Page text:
The rise and rise of Paul Dummett

Goal heroes - Paul Thomas

After Paul Dummett's first goal for Newcastle, I take a look at his career and ponder just how good he could be.

Is there a more perfect way to score your first goal for Newcastle? At the Gallowgate end when the chips are down? Well, thats just how local lad Paul Dummett did it, and if he continues his rapid rise in the game, he could score many more in Black and White. Coming on as a substitute is never easy, and when you're down to ten men it is even harder. Having to adapt to the pace of the game and get to know the players you're dealing with isn't easy from the start and when Dummett came on, he was like a fish to water. He was everywhere. Upfront, at the back, on the wings, chasing down every ball like a kid in a playground. And when he got his goal, he celebrated like every Newcastle fan would, to use the local dialect, he want radge! (Which if you don't know, means crazy!) But how did he come about? After two loan spells and a one-year contract, it looked as if he wouldn't quite make it, but this season, he has shown why he will make it.

Just last year Dummett was plying his trade at non-league Gateshead, and I was lucky enough to watch him a few times for them. And if I'm being honest, I didn't think he would make it at Newcastle, but he was part of a mean Gateshead defence that saw six clean sheets in ten. Gateshead fans like to know that they 'made' him, and they certainly did play a huge part in his development. But, he was always too good for that level of football. Next up was the SPL, with St Mirren. A higher level of football, for a more well-rounded player. This is where he made his real breakthrough. Again, throughout the whole season he was impressive and St Mirren would have loved to keep him. He helped them win their first major trophy in 26 years and took to like in Scotland well. Between this, however, he returned to Tyneside and was one of the youngsters who played in the loss to Brighton, although he was one of the better players. He was sent back to St Mirren until the end of the season.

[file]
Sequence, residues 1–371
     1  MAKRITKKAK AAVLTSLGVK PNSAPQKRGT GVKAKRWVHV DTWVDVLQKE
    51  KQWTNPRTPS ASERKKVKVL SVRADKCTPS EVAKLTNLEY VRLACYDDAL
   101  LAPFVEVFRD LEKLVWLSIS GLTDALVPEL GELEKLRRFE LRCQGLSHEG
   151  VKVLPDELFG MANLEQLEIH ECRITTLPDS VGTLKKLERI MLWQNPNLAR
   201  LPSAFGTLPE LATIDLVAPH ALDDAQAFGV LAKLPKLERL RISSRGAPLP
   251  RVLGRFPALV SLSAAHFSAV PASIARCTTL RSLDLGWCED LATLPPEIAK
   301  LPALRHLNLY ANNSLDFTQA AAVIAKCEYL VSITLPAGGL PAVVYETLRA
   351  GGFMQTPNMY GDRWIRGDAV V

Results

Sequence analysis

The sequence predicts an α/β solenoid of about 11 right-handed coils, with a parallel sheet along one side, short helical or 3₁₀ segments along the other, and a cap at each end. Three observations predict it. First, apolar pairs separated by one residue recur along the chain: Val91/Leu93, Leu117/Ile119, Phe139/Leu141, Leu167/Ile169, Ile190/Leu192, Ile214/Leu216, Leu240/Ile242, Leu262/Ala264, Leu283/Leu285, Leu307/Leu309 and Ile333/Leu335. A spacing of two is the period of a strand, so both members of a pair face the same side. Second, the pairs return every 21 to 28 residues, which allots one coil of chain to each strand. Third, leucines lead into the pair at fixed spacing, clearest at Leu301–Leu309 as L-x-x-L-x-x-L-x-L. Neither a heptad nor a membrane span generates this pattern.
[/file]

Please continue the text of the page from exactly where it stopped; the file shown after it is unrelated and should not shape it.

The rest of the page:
Summer came, and he once again came back to Newcastle. He was one of the academy players offered one-year contracts, and he took it with both hands. He played most pre-season matches and impressed Pardew, and he put pressure on Davide Santon for the left back position. And, although he didn't start against Manchester City he came on and put in a real shift. Once again, after a red card. Once again, he impressed. On his top flight debut at the home of the champions-elect he could leave with his head held high. Up until the Liverpool game, he only got the occasional cup run-out, but he continued to impress his manager and fans alike. Then came Liverpool. After Mapou Yanga-Mbiwa received a red card, it was young Dummett who was called upon to keep the score down. Not even he would have been expecting a goal. But even aside from the goal, it was an excellent performance, and every Newcastle fan in the stadium could only praise him, for living his dream. Our dream. The players themselves knew how much the goal meant to him, and during the celebration each one congratulated him (bar one Hatem Ben-Arfa). In what was itself a great match, an even better story came out of it. A local boy done good.

There's no doubt in my mind that he'll continue to get better. He's already had a senior Wales call-up without making an appearance. Roy Hodgson, I'm looking at you! And it won't be long until he makes his debut. Also, with the Sunderland match looming, it's not out of the question he could be a hero in the Tyne-Wear derby too. There's nothing that would please Newcastle fans more than seeing a local lad churn out a good performance in the derby.

But for now, it's all about his performance against Liverpool. He has one week to remember it before he could go out and make more memories that will last forever. Paul Dummett can be an integral part to Newcastle's future, he'll need a new contract as his runs out in June, but when he gets that, he can be as good as he wants to be.

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